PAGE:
Date: 2018–12
  9. By: Özak, Ömer (Southern Methodist University); Depetris-Chauvin, Emilio
    Abstract: We explore the effect of historical ethnic borders on contemporary non-civil conflict in Africa. Exploiting variations across artificial regions (i.e., grids of 50x50km) within an ethnicity's historical homeland, we document that both the intensive and extensive margins of contemporary conflict are concentrated close to historical ethnic borders. Following a theory-based instrumental variable approach, which generates a plausibly exogenous ethno-spatial partition of Africa, we find that grid cells with historical ethnic borders have 27 percentage points higher probability of conflict and 7.9 percentage points higher probability of being the initial location of a conflict. We uncover several key underlying mechanisms: competition for agricultural land, population pressure, cultural similarity and weak property rights.
    Date: 2020–05–15
  10. By: Lassassi, Moundir
    Abstract: This paper investigates the impact of attending early childcare on the quality of parent–child interactions and children’s cognitive outcomes. My identification strategy exploits geographical differences in terms of exposure to the program, controlling for the period when the program is implemented across Algerian municipalities as an instrument for individual early childcare attendance. I estimate 2SLS regression analysis and employ a difference-in-difference strategy. I use two Multiple Indicator Cluster Surveys conducted in 2006 and 2012. I find a positive effect of preschool on the cognitive development of children. In turn, the effect is only significant for mother with negative effect on the interaction between mother and children, which means that there is a substitution effect, mother use this time to do something else. These findings call for future research on parents’, especially mother’s, time use when their children attend early childcare.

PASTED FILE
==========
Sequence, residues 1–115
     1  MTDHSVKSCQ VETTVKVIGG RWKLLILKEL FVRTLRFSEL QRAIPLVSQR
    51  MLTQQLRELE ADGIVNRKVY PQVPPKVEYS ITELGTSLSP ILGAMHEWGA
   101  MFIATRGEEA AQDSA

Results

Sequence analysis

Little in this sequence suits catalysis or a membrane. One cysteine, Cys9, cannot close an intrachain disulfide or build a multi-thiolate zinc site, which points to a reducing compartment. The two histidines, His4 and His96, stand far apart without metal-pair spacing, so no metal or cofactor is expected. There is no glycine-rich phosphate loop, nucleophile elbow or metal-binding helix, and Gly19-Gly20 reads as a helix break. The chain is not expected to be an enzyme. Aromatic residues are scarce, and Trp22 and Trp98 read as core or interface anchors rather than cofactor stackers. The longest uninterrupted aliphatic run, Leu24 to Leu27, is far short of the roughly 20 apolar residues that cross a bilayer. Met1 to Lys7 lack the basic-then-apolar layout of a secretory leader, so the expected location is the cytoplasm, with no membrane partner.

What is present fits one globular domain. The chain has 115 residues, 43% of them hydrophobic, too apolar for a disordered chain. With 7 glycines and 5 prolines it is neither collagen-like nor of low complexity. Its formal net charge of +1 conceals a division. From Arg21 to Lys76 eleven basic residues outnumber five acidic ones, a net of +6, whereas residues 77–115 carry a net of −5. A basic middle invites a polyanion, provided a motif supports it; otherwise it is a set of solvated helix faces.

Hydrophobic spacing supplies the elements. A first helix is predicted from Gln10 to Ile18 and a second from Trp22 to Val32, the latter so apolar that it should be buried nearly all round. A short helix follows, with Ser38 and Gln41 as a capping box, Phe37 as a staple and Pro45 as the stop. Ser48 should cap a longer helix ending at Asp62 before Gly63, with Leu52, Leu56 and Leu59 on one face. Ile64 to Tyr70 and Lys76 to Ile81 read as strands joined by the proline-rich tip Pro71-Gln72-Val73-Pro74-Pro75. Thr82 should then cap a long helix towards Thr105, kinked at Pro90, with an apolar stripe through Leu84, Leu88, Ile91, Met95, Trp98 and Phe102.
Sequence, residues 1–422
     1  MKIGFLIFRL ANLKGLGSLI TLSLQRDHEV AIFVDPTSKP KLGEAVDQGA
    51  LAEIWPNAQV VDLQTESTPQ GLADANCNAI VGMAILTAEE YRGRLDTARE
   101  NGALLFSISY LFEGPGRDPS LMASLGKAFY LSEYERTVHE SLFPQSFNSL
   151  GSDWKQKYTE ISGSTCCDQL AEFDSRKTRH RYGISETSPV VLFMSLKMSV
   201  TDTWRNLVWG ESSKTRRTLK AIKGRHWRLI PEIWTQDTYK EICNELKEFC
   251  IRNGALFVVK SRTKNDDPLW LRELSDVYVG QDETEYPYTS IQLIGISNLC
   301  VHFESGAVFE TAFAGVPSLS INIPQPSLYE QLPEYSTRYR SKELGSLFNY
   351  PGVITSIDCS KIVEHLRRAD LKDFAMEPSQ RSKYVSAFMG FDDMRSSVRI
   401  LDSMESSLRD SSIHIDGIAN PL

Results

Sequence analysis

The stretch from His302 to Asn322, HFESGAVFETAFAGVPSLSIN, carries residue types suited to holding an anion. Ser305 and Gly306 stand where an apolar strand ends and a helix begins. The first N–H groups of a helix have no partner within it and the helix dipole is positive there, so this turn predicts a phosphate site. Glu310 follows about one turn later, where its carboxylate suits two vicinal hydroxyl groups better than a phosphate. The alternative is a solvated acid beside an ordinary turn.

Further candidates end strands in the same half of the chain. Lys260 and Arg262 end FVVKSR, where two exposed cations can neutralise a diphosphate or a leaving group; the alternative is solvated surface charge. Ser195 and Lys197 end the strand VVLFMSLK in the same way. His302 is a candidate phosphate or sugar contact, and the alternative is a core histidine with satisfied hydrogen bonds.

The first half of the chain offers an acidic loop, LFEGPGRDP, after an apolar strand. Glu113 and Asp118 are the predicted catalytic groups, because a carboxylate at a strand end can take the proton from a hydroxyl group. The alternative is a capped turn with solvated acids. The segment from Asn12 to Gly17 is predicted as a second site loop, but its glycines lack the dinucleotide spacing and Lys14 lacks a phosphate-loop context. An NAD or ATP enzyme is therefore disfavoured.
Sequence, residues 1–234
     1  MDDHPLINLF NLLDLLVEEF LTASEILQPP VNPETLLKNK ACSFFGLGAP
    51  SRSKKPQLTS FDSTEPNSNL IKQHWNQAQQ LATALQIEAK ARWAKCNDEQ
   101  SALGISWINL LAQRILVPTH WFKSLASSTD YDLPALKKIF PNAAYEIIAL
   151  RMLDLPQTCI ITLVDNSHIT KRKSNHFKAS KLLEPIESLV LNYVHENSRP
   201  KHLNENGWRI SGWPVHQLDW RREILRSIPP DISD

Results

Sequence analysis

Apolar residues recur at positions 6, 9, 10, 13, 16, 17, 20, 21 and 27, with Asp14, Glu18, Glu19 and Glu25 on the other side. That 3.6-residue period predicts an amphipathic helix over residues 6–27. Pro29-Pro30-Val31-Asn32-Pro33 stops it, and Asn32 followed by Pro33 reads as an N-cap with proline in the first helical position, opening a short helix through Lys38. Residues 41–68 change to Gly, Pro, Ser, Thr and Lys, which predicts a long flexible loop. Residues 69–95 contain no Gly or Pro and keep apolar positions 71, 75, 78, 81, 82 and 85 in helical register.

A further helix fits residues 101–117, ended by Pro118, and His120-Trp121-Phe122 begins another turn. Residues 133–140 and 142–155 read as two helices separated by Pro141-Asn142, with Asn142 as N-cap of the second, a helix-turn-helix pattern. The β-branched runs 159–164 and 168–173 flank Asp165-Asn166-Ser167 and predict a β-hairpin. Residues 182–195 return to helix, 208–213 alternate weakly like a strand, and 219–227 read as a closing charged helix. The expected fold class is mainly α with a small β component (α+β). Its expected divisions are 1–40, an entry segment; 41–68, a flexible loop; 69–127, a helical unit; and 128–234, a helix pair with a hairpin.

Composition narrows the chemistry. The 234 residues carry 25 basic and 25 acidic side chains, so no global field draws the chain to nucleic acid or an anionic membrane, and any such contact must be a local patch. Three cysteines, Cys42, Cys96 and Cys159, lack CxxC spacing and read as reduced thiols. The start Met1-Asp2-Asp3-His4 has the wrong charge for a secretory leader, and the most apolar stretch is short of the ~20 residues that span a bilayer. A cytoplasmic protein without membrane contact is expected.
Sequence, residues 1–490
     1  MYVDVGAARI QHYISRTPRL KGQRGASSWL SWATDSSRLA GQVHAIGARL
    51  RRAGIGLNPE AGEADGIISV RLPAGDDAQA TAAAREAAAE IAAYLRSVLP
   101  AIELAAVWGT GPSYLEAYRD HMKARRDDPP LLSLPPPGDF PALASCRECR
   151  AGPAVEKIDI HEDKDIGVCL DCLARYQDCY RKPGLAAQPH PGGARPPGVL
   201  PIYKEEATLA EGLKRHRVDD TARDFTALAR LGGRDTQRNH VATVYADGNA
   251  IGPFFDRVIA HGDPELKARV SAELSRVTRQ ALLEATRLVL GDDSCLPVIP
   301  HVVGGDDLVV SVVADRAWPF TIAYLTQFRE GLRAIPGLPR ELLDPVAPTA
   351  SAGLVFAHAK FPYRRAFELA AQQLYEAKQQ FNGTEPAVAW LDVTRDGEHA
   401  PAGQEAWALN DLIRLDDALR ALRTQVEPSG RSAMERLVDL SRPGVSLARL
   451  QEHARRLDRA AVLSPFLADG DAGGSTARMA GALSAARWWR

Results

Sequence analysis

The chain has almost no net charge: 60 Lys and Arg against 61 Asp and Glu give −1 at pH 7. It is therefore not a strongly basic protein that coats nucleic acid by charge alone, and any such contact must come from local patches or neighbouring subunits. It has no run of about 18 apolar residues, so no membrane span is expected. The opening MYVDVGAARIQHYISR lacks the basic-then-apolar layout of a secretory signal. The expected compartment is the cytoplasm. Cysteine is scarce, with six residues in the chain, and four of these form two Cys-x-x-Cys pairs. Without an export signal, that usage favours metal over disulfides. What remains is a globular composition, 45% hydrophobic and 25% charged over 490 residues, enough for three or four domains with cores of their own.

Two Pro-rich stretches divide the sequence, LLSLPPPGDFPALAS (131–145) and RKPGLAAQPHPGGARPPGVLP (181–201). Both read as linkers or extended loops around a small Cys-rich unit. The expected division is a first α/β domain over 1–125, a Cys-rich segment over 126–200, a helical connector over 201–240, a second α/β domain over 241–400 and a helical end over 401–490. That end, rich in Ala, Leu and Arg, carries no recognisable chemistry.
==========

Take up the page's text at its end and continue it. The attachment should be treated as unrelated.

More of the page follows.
Keywords: Childcare,Cognitive skills,Family–child interaction,Time use,two stage least squares,Difference-in-difference
    JEL: J13 H75 I20 I28
    Date: 2020